A couple of minutes ago I have branched the mozmill-test repository for our upcoming Firefox 3.7 work. With that addition we can start to update our tests on the default
branch to make them compatible with current Developer Preview releases and Minefield builds.
That means we have the following correlations now:
default => Firefox 3.7
mozilla1.9.2 => Firefox 3.6.x
mozilla1.9.1 => Firefox 3.5.x
More details about branch handling for our Mozmill tests can be found on MDC.
The Mozmill test repository is available under the following two locations:
As you have probably already read about in a couple of blog post from Jennifer Boriss, Dave Townsend, and Blair McBride, the next major version of Firefox will contain a shiny new Add-ons Manager. If you wanna know more details, you should check out the design documents.
Even with the development for this feature still in progress, Mozilla QA will hold a testday for exploratory testing the new user interface on Friday, April 30th. For this time we will not use any Litmus test but running tests based on the current test plan.
If you are interested in getting your fingers wet and to help us in making it a helpful and less buggy feature, read through the test day documentation and join us next Friday on IRC.
Today was the first day in this year when I had time for a biking tour. The weather was stunning. The complete day we had sunshine, nearly no clouds, and about 20 degrees Celsius outside. Together with a former colleague we used the chance and met for a relaxing biking tour. We had no plans, but just wanted to follow the river Elbe for some kilometers.
This time I used my Garmin etrex GPS device to track the ride and imported it into Garmin Connect. It’s the first time I’m using this service and I’m impressed about the possibilities you have in managing all your activities. Also the exporting feature which let me integrate it into my website is fantastic. I’m sure that I will also upload upcoming biking and hiking tours.
Here the tour details:
Today Mozilla proudly presents the next bug fix release for Mozmill. A couple of improvements have been made into this release. The most important part is definitely the support of Firefox 3.7, which allows us to run Mozmill tests against Minefield builds in the near future. But we also support Open Solaris now and offer a much easier way to setup Mozmill on Windows. There is no dependency for pywin32 anymore. And with all the other fixes we really have a shiny new release.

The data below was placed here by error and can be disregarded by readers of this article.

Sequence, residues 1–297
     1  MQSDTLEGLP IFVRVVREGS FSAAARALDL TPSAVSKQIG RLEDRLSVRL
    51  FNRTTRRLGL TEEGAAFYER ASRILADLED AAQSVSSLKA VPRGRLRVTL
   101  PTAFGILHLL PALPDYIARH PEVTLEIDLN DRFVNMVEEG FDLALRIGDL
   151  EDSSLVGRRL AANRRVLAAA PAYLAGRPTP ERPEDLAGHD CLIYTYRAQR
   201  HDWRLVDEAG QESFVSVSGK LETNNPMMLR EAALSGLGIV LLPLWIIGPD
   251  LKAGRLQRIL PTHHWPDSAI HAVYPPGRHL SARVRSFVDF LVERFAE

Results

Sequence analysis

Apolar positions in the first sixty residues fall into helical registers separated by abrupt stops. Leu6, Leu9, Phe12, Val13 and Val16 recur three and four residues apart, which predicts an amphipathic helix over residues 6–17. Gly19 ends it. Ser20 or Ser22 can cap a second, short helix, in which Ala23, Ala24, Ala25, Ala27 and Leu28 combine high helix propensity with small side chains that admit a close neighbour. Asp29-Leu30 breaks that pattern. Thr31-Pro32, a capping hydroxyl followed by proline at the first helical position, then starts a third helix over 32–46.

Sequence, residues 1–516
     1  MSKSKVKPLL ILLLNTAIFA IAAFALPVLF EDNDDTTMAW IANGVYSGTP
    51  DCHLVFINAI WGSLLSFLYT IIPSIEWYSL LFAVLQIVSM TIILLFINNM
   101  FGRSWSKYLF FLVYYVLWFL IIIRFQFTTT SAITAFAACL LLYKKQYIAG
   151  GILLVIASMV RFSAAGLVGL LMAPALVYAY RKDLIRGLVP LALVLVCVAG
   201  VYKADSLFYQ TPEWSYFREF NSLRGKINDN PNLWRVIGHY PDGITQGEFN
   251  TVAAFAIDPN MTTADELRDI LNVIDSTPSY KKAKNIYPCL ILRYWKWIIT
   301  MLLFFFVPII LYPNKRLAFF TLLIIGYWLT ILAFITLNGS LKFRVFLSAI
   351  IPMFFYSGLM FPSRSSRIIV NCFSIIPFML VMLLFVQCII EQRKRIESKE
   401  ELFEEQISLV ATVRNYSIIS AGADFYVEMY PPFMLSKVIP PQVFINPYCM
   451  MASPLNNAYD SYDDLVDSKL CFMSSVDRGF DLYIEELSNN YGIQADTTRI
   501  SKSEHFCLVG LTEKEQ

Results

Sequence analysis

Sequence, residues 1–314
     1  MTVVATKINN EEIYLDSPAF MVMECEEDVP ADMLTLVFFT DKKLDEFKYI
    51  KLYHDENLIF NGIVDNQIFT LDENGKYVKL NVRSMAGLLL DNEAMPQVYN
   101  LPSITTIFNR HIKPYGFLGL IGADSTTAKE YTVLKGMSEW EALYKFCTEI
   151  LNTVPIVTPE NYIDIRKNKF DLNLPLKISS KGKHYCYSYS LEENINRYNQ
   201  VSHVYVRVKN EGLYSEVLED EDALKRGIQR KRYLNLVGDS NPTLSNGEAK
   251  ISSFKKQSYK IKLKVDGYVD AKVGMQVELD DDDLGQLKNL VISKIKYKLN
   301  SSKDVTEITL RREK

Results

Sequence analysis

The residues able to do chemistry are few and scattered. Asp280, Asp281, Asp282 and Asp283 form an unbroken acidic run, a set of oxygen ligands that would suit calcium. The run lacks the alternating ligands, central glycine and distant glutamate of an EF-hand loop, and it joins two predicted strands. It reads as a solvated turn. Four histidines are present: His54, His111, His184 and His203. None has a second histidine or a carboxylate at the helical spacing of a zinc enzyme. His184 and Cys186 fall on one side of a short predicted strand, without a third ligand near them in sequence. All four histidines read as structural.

A list of fixes, which have been made it into this release, can be found on Bugzilla. Lets give an explanation for some of those:
- Bug 542000: With former Mozmill releases there were needs to install the Python for Windows extensions (pywin32). If you have used the MozillaBuild environment, changes to the registry were needed. All that work hasn’t to be done from now on. Installing MozillaBuild is enough to prepare the system for Mozmill. A big thanks goes to Atul Varma who removed that dependency and made our life more compelling.
- Bug 543501: One of our upcoming projects is the execution of Mozmill tests against add-ons. Therefore we have to make sure that the usage of Mozmill will be as easy as possible. That’s why the misleading –plugin command line option has been changed to –addons. Make sure to use this option from now on.
- Bug 548446: Mozmill had problems with installing some of the existing extensions because it was not able to find the extension id. Thanks goes to Jonathan!
- Bug 544896: If you have long test-runs it was possible that the software update dialog came up and removed the focus from the window currently under test. That’s why the automatic update for the application has been disabled. If you want to run tests against that feature make sure to enable the preference app.update.enabled before.
- Bug 558404 and Bug 559152: Some controller functions have been updated which missed some details about failures. Now we always have a stacktrace with full information available.
The new version of the add-on can be found on addons.mozilla.org. It’s under review right now but can already be installed. For all the others who are using the command line client of Mozmill, you can simply run the “easy_install -U mozmill” command to update to the new 1.4.1 release.
If you have questions don’t hesitate to send your feedback to the mozmill-dev mailing list or directly contact us on IRC in the #qa channel.
During my stay the Silicon Valley I haven’t only had a great day in San Francisco but also spent a day in the famous whine region of California called Napa Valley. Together with my co-worker Marcia we were driven up those 100 miles to mainly take pictures of the blooming mustard. The day was absolutely sunny but sadly we haven’t had luck to see lot of mustard. We were a bit too late or too early. But beside that we got a lot of impressions and enjoyed taking pictures. I was a bit disappointed that you do not have a chance to get closer to some areas, you have to know that most of those properties are private and visitors aren’t allowed to enter. The only way you can follow is up to the nice little castles and chateaus to taste the local wine. Everyone recommended that tastings but there was no time for us. If you stay in that area, you shouldn’t miss to attend at least one of those tastings.
Back in San Francisco we had a bit of time to drive up the hill in the north of the Golden Gate Bridge. We got a bit higher with the car as Martijn and myself were able the day before with the bikes. You will have a wonderful view from there down to San Francisco. By taking some animal pictures we ended that Sunday with a couple of nice pictures. But see yourself: